Livestock futures ease, U.S. shutdown sidelines trade

U.S. livestock futures fell Tuesday as investors were reluctant to trade after the U.S. government shut down many reporting agencies, due to a lack of funding and a congressional logjam over several other issues including immigration reform, the federal debt and a new farm bill.

Agencies viewed as essential will remain open such as the federal meat inspection service, to ensure a safe food supply.

The partial shutdown of the government began to delay the release of data which left policymakers and investors in a fog.

CME Group said a prolonged shutdown could affect settlement prices for cash-settled dairy, lean hogs, live cattle and feeder cattle contracts.

“It is a big mess and I think that is a big reason we’re lower, at least on cattle. People won’t want to trade while this is going on,” said Dennis Smith, a livestock broker for Archer Financial.

“It makes my private contacts with Urner Barry more important, I will have to rely on them almost solely for market information now,” Smith said.

Urner Barry is a business publisher specializing in reporting market news and quotations from the poultry, egg, meat, seafood and related segments of the food industry.

Live cattle futures closed lower despite higher cash cattle markets late last week. And futures eased despite a firm wholesale cash beef market late on Monday, the last such report that was issued before the government shuttered the doors of the U.S. Department of Agriculture (USDA) agency responsible for reporting beef market trends.

“The whole government shutdown thing has the market nervous and that is eliminating risk-taking. Anytime you have this kind of uncertainty, no one is willing to take a risk,” said Sterling Smith, futures specialist for Citigroup.

Chicago Mercantile Exchange (CME) October live cattle futures closed down 0.6 cents per pound at 127.25 cents and December was down 0.075 at 131.9.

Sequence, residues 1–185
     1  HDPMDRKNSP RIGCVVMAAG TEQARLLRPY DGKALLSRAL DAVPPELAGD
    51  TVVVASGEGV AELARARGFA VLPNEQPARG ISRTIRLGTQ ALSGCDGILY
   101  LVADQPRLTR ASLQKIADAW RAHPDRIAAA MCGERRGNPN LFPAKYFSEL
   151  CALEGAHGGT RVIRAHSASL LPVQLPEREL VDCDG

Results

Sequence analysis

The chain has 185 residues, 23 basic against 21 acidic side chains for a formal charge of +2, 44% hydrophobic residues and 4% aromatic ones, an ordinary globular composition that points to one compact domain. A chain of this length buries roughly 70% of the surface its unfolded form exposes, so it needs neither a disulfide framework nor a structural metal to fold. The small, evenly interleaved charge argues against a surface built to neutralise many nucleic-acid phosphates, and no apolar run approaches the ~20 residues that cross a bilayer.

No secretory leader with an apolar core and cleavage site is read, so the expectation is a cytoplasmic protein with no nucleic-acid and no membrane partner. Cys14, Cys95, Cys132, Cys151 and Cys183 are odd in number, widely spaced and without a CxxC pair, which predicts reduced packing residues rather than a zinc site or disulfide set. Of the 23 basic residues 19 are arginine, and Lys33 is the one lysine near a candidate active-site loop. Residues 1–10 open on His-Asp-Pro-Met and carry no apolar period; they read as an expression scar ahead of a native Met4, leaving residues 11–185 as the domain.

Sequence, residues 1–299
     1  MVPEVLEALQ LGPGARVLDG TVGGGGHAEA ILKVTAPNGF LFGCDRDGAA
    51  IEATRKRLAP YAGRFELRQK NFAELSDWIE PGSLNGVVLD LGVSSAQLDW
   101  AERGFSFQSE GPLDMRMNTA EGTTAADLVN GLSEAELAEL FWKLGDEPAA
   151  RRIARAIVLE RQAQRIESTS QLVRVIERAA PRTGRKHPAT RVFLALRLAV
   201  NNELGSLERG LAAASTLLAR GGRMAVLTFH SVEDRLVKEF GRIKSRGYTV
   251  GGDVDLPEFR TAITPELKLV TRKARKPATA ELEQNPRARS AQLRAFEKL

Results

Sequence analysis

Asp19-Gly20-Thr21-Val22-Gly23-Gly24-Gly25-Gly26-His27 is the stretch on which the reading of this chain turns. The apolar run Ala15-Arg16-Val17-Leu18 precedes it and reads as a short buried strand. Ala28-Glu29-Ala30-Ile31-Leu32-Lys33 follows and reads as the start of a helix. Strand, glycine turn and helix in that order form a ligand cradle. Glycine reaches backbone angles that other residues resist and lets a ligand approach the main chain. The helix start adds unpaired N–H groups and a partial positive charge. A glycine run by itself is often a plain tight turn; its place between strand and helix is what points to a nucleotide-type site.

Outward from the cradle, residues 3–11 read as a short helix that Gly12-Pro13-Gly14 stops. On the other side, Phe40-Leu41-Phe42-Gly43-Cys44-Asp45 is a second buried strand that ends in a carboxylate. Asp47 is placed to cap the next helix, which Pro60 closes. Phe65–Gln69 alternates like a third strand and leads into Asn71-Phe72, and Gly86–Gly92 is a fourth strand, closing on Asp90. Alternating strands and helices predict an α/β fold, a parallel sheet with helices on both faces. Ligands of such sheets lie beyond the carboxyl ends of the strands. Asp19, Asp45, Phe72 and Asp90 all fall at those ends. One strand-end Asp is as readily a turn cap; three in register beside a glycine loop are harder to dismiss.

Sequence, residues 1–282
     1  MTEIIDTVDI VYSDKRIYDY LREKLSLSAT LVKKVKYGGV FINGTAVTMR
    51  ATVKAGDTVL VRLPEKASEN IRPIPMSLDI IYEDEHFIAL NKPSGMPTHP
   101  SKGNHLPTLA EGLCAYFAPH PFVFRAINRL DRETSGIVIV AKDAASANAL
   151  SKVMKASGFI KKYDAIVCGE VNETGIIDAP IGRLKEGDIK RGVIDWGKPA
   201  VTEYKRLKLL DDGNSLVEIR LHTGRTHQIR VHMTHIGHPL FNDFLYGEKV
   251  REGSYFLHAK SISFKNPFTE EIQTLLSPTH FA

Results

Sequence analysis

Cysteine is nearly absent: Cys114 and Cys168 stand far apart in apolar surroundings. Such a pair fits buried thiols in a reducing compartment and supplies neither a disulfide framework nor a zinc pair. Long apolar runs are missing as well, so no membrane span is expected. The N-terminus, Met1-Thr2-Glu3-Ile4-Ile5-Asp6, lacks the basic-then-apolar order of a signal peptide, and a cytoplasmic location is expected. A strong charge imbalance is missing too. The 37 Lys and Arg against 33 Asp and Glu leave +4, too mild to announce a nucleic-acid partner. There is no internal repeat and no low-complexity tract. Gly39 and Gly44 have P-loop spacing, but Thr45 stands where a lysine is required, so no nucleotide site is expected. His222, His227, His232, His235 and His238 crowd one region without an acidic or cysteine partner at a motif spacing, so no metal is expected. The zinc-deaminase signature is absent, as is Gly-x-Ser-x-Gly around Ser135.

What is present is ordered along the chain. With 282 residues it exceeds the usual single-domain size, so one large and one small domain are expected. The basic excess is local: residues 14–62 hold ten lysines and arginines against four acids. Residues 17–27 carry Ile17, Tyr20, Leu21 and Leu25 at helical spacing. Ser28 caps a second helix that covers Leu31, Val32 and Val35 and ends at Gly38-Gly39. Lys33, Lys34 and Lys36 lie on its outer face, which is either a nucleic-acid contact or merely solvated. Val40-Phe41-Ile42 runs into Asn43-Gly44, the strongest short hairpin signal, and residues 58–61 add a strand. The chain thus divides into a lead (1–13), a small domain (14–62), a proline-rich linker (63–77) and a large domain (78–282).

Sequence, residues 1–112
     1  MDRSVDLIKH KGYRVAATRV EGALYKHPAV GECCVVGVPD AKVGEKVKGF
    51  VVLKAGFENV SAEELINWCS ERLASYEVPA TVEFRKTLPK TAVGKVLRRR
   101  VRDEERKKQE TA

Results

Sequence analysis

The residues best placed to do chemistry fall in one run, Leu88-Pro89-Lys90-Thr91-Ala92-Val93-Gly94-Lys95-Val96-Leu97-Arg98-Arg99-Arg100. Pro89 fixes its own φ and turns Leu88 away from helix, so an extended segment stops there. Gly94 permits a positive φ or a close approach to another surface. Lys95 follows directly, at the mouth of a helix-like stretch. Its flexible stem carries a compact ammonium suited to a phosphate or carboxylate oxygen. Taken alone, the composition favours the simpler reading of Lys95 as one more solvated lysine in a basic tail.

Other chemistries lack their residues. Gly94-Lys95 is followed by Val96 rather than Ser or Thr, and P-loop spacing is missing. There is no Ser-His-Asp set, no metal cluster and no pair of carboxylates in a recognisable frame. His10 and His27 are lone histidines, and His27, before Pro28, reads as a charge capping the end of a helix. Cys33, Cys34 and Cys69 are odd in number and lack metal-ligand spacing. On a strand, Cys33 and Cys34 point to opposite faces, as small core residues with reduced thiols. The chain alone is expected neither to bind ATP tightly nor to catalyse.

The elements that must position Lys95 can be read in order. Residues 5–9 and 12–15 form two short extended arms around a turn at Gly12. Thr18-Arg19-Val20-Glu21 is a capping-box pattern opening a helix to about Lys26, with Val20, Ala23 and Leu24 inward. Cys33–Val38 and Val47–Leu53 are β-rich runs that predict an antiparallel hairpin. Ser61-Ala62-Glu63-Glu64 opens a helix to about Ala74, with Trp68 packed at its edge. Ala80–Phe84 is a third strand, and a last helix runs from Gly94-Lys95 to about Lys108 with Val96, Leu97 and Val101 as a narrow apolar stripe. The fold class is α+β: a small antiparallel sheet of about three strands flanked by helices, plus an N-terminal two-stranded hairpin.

Feeder cattle futures bucked the trend and ended firm on bargain buying as Chicago Board of Trade corn futures fell to a three-year low. The falling corn prices and related drop in feed costs led to increased demand for young cattle to place in the nation’s vast network of feedlots.

CME October feeder cattle were up 0.3 cent/lb. at 164.4 cents, and November ended up 0.85 at 166.05.

Traders and analysts said hog futures had started to falter even before the government shutdown but the lack of available information to trade likely led to further pressure on the hog futures market.

“Hogs also are down due to the government shutdown but also based on the USDA saying there are more hogs out there than anyone expected,” Smith said.

Friday’s U.S. Department of Agriculture report showed the U.S. hog herd unexpectedly held steady from the June-August quarter versus a year earlier despite the spread of the porcine epidemic diarrhea virus (PEDv), which is fatal to baby pigs.

“There will be more hogs coming to market in October and November than anyone thought,” Smith said.

CME October lean hogs were down 1.05 cents/lb. at 90.925 and December was down 0.725 at 85.9.

Cash hogs traded steady to $1 per hundredweight lower across the U.S. Midwest, dealers said.

— Sam Nelson is a Reuters correspondent covering agricultural futures markets from Chicago.

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